Recently I was asked by Eddy of Salt Lake, Utah: What is the best offline conference for entrepreneurs to attend?
Below are answers from the Young Entrepreneur Council (Y.E.C.), an invite-only nonprofit organization comprised of the country's most promising young entrepreneurs. The Y.E.C promotes entrepreneurship as a solution to youth unemployment and underemployment and provides its members with access to tools, mentorship and resources that support each stage of a business's development and growth.
1. Depends on the goal/entrepreneur
There are so many great conferences to choose from these days. The right conference for you depends on your goals and your business. As a woman entrepreneur, I like events by people like Angela Jia Kim. I advise researching conferences by sector to get the most bang for your buck. Tech, social media, women, minorities and other groups all have unique conferences.
— Lisa Nicole Bell, Inspired Life Media Group
2. TechCrunch Disrupt
I've been to quite a few conferences and events and so far the most beneficial was TechCrunch Disrupt. There were incredible entrepreneurs speaking and attending so I had the chance to network with a vast amount of people. I was able to learn and even enjoy!
— Ben Lang, MySchoolHelp
3. The Summit Series
So many of our members have been part of The Summit Series, and from what I've heard that definitely seems like the best offline conference at sea for entrepreneurs to attend! After all, a few days at sea with rockstar entrepreneurs and Richard Branson, what could be better then that? Definitely on my to do list next year.
— Kris Ruby, Ruby Media Group
4. CEO Space
If you are a CEO of a company, this is a must attend event. It is highest level training for raising capital and hyper-networking out there today. The forum is designed in a way that has the community of CEOs working for you for the week, helping you find everything that you need in your business. Everyone helps everyone, so therefore you find what you need. You get lifetime membership.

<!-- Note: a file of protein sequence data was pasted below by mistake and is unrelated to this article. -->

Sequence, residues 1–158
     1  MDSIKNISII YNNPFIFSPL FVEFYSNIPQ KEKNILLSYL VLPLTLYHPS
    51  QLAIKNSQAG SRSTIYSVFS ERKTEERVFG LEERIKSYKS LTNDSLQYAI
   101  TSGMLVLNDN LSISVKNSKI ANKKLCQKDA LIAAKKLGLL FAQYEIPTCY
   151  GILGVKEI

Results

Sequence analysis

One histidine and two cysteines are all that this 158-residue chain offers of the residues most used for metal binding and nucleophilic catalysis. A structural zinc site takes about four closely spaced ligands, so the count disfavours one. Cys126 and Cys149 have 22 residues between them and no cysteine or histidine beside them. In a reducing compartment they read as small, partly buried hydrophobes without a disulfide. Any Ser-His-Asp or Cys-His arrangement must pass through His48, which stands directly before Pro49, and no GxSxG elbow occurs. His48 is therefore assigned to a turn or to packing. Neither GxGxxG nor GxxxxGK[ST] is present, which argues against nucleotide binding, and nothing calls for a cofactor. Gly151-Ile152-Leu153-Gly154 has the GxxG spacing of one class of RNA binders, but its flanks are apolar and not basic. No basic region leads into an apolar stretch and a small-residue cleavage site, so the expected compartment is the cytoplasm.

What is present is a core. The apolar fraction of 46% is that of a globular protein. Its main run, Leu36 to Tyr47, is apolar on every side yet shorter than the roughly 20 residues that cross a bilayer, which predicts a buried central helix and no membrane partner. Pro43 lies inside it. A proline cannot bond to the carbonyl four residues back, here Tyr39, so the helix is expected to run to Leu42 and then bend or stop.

— Louis Lautman, Young Entrepreneur Society
5. Big Omaha
I'm biased, but this event has brought together over 500 people each year to be inspired and motivated by some of the nation's leading entrepreneurs and innovators. From the likes of Scott Harrison of charity water to Tony Hsieh and others, the event's focus is to build and connect the region's emerging entrepreneurs and startups.
— Jeff Slobotski, Silicon Prairie News
6. Small, Intimate Conferences
Attend small conferences on very specific topics you're interested in. This will ensure a much deeper dive of the content you want to learn about and keep you from getting caught up in the pseudo celebrity circle jerk. Shake hands with the up-and-comers, the specialists and the outsiders. You can learn a lot from them.
— Ryan Stephens, Ryan Stephens Marketing
7. South by Southwest Interactive
While it's incredibly crowded, it is also packed with entrepreneurs and people looking to do big things. Whether you get a badge or not, just being in Austin during this event will give you the opportunity to meet any number of likeminded entrepreneurs and potential business partners.
— Sean Ogle, Location 180, LLC
8. Pivot Conference